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Book review: The story of feminism so far

28th Jan 2022
Book review: The story of feminism so far

Sisters in the Mirror. By Elora Shehabuddin. 398 pages. 202. University of California Press. HB. £24.

Feminism is considered both modern and western-built upon the struggles for the emancipation of women in the Western hemisphere.

This book, written by Elora Shehabuddin, shows that the ideas of Western feminism were built upon the interactions that the early thinkers had with their counterparts in the East and vice versa. Sisters in the Mirror is an intense piece of academic work collecting writings and narratives from numerous resources, showcasing the movements of feminism in both hemispheres.

Shehabuddin provides the historical contexts of the works she cites, and in the early 1700s, the English feminists based their case on how unlike they were to the Turks and the ‘infidels.’

To make a case in point, that English women were treated far better than their counterparts in the Turkish courts

. But the reality on the ground was far different: “In listing the legal disadvantages forced on English wives – their inability to write wills, their lack of rights of property and child custody – it did not occur to her, or so many of her contemporaries, that Muslim women, irrespective of marital status, had enjoyed formal legal rights to contract and property since the dawn of Islam, for a thousand years already.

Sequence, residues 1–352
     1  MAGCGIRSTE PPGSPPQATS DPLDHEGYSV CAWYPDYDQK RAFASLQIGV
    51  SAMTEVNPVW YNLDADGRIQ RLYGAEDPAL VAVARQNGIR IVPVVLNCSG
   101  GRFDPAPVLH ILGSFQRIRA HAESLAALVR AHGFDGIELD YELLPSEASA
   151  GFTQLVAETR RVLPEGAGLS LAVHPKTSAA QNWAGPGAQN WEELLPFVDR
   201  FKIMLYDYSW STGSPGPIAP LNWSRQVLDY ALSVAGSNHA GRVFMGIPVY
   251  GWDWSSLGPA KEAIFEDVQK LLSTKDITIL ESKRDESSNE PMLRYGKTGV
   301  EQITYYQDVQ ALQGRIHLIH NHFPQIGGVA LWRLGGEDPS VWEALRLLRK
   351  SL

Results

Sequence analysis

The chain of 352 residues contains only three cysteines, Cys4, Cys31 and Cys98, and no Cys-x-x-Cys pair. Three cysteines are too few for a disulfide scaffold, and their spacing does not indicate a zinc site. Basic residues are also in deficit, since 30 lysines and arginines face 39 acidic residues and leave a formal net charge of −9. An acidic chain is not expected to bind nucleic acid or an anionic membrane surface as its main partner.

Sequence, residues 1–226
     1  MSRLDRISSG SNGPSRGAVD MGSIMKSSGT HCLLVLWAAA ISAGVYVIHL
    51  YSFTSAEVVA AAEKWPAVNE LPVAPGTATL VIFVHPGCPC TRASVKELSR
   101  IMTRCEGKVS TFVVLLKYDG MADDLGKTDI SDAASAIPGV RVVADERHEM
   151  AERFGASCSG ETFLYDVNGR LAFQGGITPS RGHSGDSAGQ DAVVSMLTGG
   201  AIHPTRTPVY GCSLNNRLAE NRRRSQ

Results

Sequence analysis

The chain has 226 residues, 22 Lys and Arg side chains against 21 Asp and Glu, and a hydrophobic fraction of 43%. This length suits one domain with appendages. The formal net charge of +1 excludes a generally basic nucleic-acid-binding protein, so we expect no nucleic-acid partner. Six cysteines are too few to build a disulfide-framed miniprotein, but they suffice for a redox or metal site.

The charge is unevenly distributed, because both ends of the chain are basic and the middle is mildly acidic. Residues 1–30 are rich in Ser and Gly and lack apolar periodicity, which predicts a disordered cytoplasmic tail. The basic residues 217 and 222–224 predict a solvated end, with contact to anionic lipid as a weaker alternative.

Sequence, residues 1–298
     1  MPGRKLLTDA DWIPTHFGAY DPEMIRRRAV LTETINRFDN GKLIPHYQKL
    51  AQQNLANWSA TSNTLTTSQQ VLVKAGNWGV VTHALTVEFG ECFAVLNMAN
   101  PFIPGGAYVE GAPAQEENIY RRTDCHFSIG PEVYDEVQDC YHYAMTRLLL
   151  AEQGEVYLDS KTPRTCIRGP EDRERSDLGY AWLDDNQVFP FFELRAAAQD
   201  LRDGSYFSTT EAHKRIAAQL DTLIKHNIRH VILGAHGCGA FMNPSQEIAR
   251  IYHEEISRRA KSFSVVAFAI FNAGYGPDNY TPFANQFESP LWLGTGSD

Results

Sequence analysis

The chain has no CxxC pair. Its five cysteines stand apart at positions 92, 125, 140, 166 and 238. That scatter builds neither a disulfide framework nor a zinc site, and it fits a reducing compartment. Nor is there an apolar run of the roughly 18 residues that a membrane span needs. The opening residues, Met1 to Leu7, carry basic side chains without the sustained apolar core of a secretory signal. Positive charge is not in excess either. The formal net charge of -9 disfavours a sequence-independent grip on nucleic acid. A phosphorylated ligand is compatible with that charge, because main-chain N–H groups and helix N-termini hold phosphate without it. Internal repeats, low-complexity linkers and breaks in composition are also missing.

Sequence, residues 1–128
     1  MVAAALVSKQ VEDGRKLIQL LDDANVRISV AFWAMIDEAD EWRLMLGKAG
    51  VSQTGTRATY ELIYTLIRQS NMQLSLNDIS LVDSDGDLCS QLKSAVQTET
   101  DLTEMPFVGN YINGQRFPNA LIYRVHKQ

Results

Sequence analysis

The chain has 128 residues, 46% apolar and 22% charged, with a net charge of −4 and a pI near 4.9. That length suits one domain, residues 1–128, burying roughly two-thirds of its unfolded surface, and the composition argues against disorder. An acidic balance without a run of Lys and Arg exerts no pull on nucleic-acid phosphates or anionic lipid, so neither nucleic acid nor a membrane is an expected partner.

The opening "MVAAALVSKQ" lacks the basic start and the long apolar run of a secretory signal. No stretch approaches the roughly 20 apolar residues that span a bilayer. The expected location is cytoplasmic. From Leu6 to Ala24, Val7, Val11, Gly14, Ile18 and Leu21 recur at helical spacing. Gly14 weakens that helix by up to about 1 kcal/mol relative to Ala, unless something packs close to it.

Indeed, given the vast gap between women’s legal rights under Islamic law and their rights under Jewish and Christian law, Jewish and Christian women under Muslim rule were known to take their cases to Muslim courts in the hope of receiving a more desirable hearing.” (p38).

In citing the early traditions of Islam in giving women a civic presence independent of their male relatives, the author allows us, Western women, with Eastern heritage to draw on our histories and narratives with pride, opposed to the shame that is quite often hoisted upon us by narratives that have no knowledge of our illustrious histories.

Another trail of narratives that Shehabuddin follows is that of Shamsunnahar Mahmud, a woman from East Bengal who had met Eleanor Roosevelt and then participated in the Foreign Leader Program of the International Educational Exchange Service of the US State Department a few years later.

The author talks about how Mahmud was perceived (positively) in the US, but also cites her observations of the US. “While she was impressed by the US women voters’ level of awareness and engagement with the electoral campaigns, she was surprised by the low numbers of women in elected office.

The US Congress had eighteen women at the time, while Pakistan’s new constitution, promulgated just months before Mahmud’s visit, had reserved ten seats for women in a much smaller unicameral parliament.” (p178)

This citation of the progress of new – supposedly backward – democracies compared to the -supposedly advanced – one such as the US, is a constant theme throughout the book. Contrary to popular belief, the pursuit of peace and advancements in the human race have been pioneered and worked upon by both Eastern and Western protagonists in equal measure.

This book is a book of history, encapsulating the thoughts and movements of women within it. Shehabuddin has put in an indescribable amount of work to put together countless histories weaving a coherent narrative that equalises the history of the East and the West, emphasising that our stories and struggles can better the lives of all communities that we interact with and not just our own. Our strength is dependent on this interaction.

Aasiya Versi

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